Baltimore County Councilman Wade Kach is raising concerns over the inclusion of lobbyists on a new…
The councilman who raised the alarm about the number of lobbyists set to be named to the new Baltimore County Charter Review Commission is urging people to contact their leaders to get those lobbyists removed and replaced with other members.
“I would encourage you to speak up and speak out. I cannot do this alone. I need your help,” Councilman Wade Kach said in statement. “Please contact your member of the Council and the County Executive by phone, social media, and email and express your concern. Tell my colleagues that the County Council needs to reconsider appointing lobbyists to this vital commission. Ask them to appoint members of the commission who are qualified and impartial. Time is of the essence. ”
In November 2016, voters approved a referendum requiring that the county’s charter be reviewed every 10 years. The last time the charter was reviewed was 1989. Each member of the council was able to nominate one person to the commission, and County Executive Kevin Kamenetz nominated two people, both of whom are lobbyists.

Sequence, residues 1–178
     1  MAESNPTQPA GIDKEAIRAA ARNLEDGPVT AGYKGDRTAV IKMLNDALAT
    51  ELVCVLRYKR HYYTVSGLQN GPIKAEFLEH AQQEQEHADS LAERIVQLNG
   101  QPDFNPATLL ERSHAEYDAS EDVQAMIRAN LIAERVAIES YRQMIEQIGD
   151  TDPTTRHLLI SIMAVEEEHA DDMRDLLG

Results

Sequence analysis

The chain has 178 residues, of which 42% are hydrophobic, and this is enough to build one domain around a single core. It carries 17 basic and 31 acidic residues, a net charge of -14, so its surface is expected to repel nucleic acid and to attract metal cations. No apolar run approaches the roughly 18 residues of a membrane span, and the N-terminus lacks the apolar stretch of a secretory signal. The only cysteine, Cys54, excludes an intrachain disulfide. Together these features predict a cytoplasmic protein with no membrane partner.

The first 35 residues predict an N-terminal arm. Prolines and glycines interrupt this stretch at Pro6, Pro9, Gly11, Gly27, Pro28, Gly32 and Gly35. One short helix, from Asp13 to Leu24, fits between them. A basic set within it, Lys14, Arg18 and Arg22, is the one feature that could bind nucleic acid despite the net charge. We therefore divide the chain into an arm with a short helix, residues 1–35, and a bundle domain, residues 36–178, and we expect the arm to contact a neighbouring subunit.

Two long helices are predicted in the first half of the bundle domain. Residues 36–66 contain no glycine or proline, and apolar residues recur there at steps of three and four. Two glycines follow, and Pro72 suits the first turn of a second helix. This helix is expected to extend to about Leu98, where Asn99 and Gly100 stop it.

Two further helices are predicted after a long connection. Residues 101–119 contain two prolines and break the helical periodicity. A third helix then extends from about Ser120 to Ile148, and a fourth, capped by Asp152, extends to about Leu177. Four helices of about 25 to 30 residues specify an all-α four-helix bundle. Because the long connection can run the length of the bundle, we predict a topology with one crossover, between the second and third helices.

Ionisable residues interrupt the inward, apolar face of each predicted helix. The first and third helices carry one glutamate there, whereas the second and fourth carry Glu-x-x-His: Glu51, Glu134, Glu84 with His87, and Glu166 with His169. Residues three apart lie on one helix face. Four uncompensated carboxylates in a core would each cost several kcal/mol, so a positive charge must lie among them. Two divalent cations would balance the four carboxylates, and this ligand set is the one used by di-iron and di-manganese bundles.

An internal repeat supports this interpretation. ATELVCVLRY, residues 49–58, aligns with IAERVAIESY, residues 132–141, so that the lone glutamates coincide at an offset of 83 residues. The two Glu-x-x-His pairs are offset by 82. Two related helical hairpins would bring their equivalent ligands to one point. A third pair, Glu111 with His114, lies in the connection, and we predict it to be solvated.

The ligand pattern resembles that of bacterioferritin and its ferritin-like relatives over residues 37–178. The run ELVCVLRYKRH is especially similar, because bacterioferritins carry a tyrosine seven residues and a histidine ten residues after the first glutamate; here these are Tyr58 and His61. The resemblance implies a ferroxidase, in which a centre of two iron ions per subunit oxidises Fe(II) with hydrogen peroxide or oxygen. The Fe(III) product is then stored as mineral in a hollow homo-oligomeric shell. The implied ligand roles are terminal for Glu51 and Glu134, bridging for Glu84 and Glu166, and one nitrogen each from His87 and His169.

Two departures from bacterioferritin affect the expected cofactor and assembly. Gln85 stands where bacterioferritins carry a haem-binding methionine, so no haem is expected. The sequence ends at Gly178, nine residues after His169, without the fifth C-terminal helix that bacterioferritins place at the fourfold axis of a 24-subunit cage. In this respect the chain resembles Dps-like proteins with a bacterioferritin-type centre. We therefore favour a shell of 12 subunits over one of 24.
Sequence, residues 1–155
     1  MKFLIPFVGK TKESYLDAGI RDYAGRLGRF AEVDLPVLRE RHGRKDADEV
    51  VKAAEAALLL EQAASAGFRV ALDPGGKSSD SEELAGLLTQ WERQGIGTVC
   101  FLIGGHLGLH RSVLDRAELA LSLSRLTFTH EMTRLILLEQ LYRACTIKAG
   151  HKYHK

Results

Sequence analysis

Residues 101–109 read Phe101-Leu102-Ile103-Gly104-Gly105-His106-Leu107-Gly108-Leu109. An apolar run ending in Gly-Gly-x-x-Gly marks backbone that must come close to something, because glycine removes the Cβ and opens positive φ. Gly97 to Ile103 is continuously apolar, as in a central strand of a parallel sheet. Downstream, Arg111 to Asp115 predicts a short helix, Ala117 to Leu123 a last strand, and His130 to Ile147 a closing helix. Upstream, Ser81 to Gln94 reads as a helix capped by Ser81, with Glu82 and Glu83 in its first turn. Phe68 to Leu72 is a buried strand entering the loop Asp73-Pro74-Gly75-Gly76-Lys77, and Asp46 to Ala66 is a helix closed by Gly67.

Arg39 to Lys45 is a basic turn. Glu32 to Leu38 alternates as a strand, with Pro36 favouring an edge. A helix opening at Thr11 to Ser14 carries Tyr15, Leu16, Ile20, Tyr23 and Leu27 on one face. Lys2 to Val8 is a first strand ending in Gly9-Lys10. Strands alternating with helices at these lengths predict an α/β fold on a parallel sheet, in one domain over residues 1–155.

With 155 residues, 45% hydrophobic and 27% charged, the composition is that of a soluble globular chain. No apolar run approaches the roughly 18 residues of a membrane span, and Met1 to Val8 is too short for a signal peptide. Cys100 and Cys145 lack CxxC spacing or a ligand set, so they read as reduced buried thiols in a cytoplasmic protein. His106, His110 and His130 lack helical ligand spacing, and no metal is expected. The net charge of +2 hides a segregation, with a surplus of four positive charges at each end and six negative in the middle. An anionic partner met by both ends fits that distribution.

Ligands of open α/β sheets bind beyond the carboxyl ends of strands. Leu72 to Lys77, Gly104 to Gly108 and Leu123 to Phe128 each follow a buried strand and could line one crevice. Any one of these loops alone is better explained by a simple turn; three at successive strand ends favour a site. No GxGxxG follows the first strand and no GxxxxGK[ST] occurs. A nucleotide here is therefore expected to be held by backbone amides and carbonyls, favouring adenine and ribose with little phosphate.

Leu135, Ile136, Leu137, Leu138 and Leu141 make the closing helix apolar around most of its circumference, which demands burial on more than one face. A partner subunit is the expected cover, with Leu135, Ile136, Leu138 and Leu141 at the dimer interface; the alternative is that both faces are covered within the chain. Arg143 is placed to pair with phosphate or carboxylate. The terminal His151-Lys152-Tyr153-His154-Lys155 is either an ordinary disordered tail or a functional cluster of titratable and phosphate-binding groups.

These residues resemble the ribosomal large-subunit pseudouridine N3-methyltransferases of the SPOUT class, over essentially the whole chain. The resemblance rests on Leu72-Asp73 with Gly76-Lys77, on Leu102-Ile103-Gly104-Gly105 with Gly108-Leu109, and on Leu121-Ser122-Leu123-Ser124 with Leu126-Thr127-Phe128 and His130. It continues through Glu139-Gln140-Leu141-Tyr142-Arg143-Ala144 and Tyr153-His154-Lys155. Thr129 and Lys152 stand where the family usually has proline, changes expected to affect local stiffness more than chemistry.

The slate of commissioners will be voted up or down on Feb. 21 as part of the overall vote on creating the Charter Review Commission. Nominees are not voted on separately, and if the council votes in favor of creating the commission, they are also voting in favor of whichever nominees have been named.
“I continue to urge those of my colleagues who appointed lobbyists to change their selections to individuals who are not encumbered by, at the very least, the appearance of a conflict of interest,” Kach said. “The voters who voted in November certainly did not have these candidates in mind when they approved the Charter Review Commission. ”
Kach specifically took issue with
Both Gilliss and Karceski were nominated by County Executive Kevin Kamenetz. Smith is the son of former county executive Jim Smith.
Councilman David Marks, who represents Towson, said that although he did not nominate a lobbyist, he is inclined to vote in favor of the creation of the commission even with lobbyists as members.
“Some of my colleagues felt it was important to have members who were more involved with county government,” Marks said. “It is simply a difference of opinion.”
But Kach is hoping voters will change their leaders’ minds.
“If the proposed membership does not change, I will do all that I can to convince my colleagues to vote against the establishment of the Charter Review Commission,” Kach said. “The people of Baltimore County deserve better.”